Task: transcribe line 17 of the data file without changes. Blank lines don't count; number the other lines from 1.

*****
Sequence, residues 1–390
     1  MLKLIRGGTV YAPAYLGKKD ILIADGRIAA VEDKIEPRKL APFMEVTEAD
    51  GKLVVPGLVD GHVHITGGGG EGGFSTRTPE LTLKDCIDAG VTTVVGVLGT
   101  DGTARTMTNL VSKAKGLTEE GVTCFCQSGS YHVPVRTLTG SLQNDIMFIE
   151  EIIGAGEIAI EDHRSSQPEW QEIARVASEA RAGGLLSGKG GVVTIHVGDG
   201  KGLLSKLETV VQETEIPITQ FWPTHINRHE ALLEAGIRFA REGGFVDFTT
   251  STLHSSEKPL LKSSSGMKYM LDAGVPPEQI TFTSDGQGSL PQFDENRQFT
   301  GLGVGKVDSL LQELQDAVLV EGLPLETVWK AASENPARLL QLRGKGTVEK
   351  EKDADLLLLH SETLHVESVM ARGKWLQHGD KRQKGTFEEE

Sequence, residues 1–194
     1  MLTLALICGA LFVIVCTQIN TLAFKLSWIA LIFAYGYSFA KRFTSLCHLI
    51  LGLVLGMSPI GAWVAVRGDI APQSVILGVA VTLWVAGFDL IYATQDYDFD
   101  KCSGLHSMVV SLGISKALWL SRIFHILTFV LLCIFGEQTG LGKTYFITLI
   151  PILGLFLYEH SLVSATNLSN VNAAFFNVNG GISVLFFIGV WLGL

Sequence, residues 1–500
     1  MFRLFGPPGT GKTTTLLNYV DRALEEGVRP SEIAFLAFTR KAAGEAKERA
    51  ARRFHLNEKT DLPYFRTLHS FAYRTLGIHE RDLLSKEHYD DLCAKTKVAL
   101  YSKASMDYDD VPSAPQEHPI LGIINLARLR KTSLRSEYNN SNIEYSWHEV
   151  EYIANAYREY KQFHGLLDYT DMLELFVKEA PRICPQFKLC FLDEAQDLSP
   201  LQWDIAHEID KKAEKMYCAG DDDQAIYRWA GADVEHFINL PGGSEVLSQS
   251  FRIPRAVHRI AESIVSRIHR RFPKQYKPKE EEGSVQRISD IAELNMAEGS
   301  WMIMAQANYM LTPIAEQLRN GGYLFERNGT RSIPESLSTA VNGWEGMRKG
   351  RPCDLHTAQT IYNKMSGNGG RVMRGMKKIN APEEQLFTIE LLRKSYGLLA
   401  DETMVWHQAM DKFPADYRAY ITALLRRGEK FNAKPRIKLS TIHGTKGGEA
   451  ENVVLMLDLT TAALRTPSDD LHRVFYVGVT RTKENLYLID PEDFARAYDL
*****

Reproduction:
    51  ARRFHLNEKT DLPYFRTLHS FAYRTLGIHE RDLLSKEHYD DLCAKTKVAL